# Showing that a wave equation $u_{tt}=ku_{xx}$ has solution $u=0$ if $u(x,0)=u_t(x,0)=0$

Show that a wave equation $\rho u_{tt}=Tu_{xx}$ has solution $u=0$ if $u(x,0)=u_t(x,0)=0$.

Thoughts: This is easy using the general solution to wave equations

$$u(x,t)=\frac12(\phi(x+ct)+\phi(x-ct))+\frac1{2c}\int_{x-ct}^{x+ct}\psi(s)\,ds$$

with $c=\sqrt{T/\rho}$ and $\phi$ and $\psi$ as initial displacement and velocity respectively. Obviously the form above will be $0$. However, I'm trying to show that the only solution is $0$ using conservation laws.

Conservation Laws: We have $E=KE+PE$ (energy is kinetic plus potential) and $dE/dt=0$. In particular,

$$KE=\frac12\int_D\rho u_t^2\,dx$$ $$PE=\frac12\int_D Tu_x^2\,dx$$

Question: I can't think of a good strategy to show that the conservation of energy implies that my PDE has only the trivial solution, even though intuitively it makes a lot of sense.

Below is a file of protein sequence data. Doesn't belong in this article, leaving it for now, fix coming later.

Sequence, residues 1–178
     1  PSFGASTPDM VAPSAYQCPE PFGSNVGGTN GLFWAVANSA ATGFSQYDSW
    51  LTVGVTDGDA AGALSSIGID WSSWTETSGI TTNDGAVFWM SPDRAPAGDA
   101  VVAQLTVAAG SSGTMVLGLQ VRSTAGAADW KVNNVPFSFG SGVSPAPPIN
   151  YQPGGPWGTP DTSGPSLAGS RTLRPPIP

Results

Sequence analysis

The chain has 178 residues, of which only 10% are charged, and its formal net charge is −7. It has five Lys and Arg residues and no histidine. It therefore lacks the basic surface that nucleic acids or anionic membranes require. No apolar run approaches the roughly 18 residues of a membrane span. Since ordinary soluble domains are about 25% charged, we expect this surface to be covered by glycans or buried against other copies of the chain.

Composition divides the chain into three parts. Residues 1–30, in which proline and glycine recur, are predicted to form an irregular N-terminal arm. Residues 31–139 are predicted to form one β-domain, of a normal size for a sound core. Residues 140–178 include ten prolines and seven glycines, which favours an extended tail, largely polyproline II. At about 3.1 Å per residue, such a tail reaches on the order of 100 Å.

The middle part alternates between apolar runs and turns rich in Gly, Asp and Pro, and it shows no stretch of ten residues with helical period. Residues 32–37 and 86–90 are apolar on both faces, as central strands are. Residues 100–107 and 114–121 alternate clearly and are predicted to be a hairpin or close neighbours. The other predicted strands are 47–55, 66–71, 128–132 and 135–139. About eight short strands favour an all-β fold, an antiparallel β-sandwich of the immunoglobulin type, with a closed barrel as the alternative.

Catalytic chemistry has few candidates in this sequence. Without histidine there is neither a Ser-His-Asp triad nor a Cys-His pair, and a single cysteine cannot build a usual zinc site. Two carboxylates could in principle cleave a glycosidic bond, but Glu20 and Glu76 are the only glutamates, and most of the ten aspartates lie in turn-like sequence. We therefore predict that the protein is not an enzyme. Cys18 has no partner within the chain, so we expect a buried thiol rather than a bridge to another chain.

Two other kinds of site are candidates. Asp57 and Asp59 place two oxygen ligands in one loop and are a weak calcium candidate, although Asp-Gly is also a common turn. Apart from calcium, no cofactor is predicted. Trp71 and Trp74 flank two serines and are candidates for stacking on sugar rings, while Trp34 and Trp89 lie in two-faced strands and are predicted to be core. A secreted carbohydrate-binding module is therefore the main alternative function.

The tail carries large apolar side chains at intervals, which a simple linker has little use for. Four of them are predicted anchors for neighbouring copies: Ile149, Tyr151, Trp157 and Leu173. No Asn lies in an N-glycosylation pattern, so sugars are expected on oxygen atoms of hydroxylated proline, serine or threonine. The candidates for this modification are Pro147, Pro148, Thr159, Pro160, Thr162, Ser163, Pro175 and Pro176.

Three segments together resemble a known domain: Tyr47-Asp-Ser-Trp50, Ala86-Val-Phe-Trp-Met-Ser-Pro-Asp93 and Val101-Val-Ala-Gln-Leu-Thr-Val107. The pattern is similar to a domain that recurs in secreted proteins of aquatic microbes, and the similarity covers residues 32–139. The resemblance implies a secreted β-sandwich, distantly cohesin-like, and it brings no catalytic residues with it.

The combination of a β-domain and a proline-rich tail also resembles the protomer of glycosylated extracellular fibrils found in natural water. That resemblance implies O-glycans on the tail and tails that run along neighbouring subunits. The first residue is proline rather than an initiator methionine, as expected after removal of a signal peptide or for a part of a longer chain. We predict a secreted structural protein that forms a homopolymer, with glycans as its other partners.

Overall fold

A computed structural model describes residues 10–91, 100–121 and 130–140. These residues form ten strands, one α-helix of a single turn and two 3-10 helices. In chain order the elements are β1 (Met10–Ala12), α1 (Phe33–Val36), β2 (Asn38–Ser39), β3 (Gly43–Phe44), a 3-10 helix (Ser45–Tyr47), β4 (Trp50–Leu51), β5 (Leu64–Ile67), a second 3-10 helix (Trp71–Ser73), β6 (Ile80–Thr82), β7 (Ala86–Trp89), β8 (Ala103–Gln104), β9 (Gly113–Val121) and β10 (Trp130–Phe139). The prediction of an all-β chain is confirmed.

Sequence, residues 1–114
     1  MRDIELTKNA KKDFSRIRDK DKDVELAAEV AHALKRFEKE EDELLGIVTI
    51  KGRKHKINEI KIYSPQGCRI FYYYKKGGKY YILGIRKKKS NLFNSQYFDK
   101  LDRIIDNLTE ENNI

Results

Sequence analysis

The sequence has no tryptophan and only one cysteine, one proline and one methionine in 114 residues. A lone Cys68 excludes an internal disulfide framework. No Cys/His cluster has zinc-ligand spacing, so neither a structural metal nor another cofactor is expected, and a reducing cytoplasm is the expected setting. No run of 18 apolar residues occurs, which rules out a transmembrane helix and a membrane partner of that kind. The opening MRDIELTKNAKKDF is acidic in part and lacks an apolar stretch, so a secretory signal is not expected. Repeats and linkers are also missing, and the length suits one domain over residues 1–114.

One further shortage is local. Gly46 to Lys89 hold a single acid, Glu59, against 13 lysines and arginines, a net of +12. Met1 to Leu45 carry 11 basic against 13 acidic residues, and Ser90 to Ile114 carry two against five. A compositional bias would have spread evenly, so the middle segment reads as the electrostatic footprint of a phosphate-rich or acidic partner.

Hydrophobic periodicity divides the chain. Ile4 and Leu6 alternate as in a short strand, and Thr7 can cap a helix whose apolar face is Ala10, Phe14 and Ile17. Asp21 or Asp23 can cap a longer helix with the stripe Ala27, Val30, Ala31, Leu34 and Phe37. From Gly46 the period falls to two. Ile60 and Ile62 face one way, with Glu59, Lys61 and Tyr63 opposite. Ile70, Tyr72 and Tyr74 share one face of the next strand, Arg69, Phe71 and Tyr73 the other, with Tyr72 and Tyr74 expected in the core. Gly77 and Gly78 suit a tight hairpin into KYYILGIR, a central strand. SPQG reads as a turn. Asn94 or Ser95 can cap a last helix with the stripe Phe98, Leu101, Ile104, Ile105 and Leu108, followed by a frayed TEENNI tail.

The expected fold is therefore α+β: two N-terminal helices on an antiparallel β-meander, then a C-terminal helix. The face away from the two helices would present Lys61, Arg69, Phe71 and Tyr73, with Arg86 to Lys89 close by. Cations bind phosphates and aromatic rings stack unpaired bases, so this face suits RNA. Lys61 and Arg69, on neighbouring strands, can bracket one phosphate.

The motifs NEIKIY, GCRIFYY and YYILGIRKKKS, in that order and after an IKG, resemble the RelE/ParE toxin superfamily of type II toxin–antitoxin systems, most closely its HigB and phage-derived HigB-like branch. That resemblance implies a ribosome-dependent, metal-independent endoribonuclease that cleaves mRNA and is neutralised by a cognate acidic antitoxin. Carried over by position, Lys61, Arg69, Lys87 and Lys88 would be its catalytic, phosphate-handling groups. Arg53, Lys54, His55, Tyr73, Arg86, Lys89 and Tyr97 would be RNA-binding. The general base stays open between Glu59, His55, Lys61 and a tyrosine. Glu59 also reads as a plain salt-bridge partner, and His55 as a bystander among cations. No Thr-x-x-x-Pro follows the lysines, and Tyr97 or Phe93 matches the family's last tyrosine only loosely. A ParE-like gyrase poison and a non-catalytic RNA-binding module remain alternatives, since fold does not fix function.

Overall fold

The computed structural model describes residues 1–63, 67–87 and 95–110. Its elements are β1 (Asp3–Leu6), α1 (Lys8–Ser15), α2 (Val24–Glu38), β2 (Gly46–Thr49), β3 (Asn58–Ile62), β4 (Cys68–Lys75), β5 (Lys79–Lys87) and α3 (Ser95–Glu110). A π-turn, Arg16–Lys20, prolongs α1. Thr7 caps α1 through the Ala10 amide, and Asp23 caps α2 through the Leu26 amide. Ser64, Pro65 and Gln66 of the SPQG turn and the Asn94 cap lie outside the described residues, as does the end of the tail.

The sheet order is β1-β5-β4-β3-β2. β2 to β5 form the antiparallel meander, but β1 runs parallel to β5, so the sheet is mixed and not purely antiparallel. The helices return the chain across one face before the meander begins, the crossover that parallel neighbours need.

• Why do you think you need the integral term? It is the sum of two functions, one a function of $x+ct$, the other a function of $x-ct$. – Mark Viola Sep 21 '15 at 19:22

You know that $E(t)' =0$ where $$E(t) = \frac{1}{2}\int (\rho u_t^2 + T u_x^2) dx = \frac{1}{2}\int (\rho u_t^2 - T u u_{xx}) dx$$ via integration by parts (assuming there is no wave at infinity). Clearly $$E(0) = 0$$ by the initial conditions. Thus we see $$\frac{1}{2}\int (\rho u_t^2 + T u_x^2) dx = 0 \quad \forall t \in \mathbb{R}_+$$ Since the integrand is non-negative, we see that $$u_t = u_x = 0 \quad \forall x,t \in \mathbb{R} \times \mathbb{R}_{+}$$ along with the initial conditions, we conclude $$u \equiv 0$$
The other way is using that Cauchy problem can have at most one solution, and noting that $u = 0$ is a solution, it is perfectly correct.